Freehardt was working in a livery-stable at Blue Lake, Humboldt county. About 8 or 9 o'clock of the night of December 11, 1909, one Elkhorn went with defendant to the stable where Freehardt was working "to get a rig" with which to take Elkhorn home; he was very much intoxicated and Freehardt told him to go and lie down on the cot awhile and he would take him home. Defendant then spoke up and said he would drive him home. Freehardt told defendant he had orders that defendant was not to have a team at any time, which seemed to offend defendant. Freehardt put Elkhorn on the cot, to which defendant objected, and there followed a somewhat serious altercation between the two men, in the course of which, it was testified, defendant endeavored to assault Freehardt with a knife, and defendant was considerably injured by the blows he received from Freehardt. He went to his home, a short distance away, got a rifle, and, after sufficient time had elapsed for him to cool his anger, he returned to the stable, approached the place where Freehardt was harnessing a horse to take Elkhorn home. Freehardt testified: "I think I had the breast strap in my hand when I went in the stall, when I saw him [defendant] with the gun coming around. Of course, I jumped around. Q. What did he do with the gun at that time? A. He leveled the gun down on me when he saw me, he said, 'I have got you now, you son-of-a-bitch.' " Freehardt ran behind a post, halloed for help, and crossed into a room where there was a telephone and called up the proprietor of the stable, one Worthington. Defendant went out of the stable; Worthington came across the street toward the stable, and he testified that he found defendant crouched behind the public scales not far from the stable with his gun across his arm, "stooping over and watching the barn." He told defendant he had no business there and that he had better go home or "he would have the constable take charge of him." Defendant refused to move and Worthington took hold of him and led him away. He testified: "And just as I got to the corner as you turn going to Merriam's we were talking and I told him if he did not stay away from there I would have him arrested, and he said 'I will fix the whole bunch of you,' and I went on around the corner." It appeared that defendant found his way home and was in bed when arrested the same night, and the undisputed evidence was that he was very much intoxicated. The foregoing are briefly the principal facts from which the jury were asked to draw, and did draw, the inference, as we must assume, that the gun was loaded. That defendant was enraged toward Freehardt when he left the barn and went after the gun; that he returned very soon thereafter and accosted Freehardt in a manner to indicate that the gun was loaded, for otherwise his declaration, made at some distance from Freehardt, "I have got you now," would have been meaningless; that he did not leave the premises when he heard Freehardt call for help over the telephone, but took a position near the barn, partially hidden by the scales, and where he could see the door and where he was when Worthington found him with the gun and looking toward the barn; that his anger had not yet cooled, as was indicated by his threat to Worthington that he would "fix the whole bunch" — all these facts and circumstances had a tendency to prove that the gun was loaded, and it was for the jury to say whether the evidence showed this to their minds beyond a reasonable doubt. The gun was not taken by the officer who made the arrest, but was called for by its owner some days afterward, and he testified that it was not then loaded. There is testimony by defendant's wife that the gun had rested undisturbed where defendant left it until called for by the owner. She testified that she did not know whether it was loaded, but she was not at their home when defendant returned to it. How much weight the jury attached to her testimony or to defendant's testimony we cannot know and their right to reject it entirely is beyond dispute. We think there were facts and circumstances sufficient to justify the implied finding that the gun was loaded when defendant said to Freehardt, "I have got you now," and to further justify the verdict rendered.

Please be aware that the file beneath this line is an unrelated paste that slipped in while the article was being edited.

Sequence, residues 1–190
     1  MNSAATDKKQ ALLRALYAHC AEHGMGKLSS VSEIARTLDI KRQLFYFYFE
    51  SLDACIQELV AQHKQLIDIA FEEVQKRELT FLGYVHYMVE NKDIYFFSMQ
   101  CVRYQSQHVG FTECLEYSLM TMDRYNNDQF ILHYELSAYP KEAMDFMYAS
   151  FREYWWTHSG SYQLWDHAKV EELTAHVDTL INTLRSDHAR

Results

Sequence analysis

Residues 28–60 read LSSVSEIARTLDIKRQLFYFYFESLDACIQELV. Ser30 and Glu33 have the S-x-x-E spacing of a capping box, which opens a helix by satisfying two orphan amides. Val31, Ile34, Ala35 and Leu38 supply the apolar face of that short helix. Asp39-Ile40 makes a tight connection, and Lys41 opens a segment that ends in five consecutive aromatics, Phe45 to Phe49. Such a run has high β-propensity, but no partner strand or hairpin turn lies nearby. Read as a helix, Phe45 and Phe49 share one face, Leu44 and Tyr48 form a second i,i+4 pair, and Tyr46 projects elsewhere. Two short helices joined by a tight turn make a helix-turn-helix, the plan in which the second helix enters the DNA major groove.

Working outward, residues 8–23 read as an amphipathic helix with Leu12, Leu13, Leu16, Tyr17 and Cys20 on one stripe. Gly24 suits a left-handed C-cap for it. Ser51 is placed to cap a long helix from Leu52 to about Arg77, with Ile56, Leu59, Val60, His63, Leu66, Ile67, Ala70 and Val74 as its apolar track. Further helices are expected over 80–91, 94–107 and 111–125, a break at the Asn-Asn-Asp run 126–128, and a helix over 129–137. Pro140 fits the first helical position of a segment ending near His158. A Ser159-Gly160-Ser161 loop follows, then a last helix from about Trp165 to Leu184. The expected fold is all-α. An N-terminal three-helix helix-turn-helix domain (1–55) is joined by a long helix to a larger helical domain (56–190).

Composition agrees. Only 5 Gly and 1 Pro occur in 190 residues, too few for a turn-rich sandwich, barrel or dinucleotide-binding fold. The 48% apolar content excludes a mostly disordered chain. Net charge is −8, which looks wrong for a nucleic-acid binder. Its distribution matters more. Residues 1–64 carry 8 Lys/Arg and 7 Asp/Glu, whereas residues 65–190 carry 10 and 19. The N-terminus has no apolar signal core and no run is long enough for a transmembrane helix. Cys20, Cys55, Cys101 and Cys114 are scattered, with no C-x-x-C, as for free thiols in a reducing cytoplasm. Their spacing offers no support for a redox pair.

"An assault is an unlawful attempt, coupled with a present ability, to commit a violent injury on the person of another." (Pen. Code, sec. 242.) The jury having found that the gun was loaded, the pointing of it toward Freehardt with the threat shown, constituted, under the circumstances, an assault with a deadly weapon. It was so held in People v. Wells, 145 Cal. 138, [ 78 P. 470]. In that case the pistol was quite close to the person threatened, but the distance of the assailant from his intended victim is immaterial if he be near enough to effect his unlawful intent; in the present case the distance was about twenty feet. Instruction VIII was, therefore, a correct statement of the law.
Defendant assigns error in giving instruction X 1/2, page 16 of the record. This instruction is marked IX 1/2. It deals with the law of self-defense and has reference to the altercation between defendant and Freehardt before defendant went after the gun. We do not see what relevancy the instruction had to the assault which occurred later and for which defendant was being tried. The evidence in relation to it was material as bearing upon what followed, but no instruction as to the relative rights and duties of the parties in connection with it could affect the responsibility of defendant for his subsequent acts, which were entirely independent of and separated from the first affray. We do not see, however, that the instruction could have prejudiced defendant in any way. We think it did not.
Defendant was denied the following instruction: "I instruct the jury that the pointing of a gun is not an unlawful act, and I charge that the defendant would have the right to take the gun with him on the street and in the Worthington stable, so long as in so doing he did not take it there for the purpose alleged in the information and did not use it in such manner as to amount to a reckless disregard of human life." The jury were fully and correctly instructed on this point, and defendant was not prejudiced by being denied this instruction.
The judgment and order are affirmed.
Burnett, J., and Hart, J., concurred.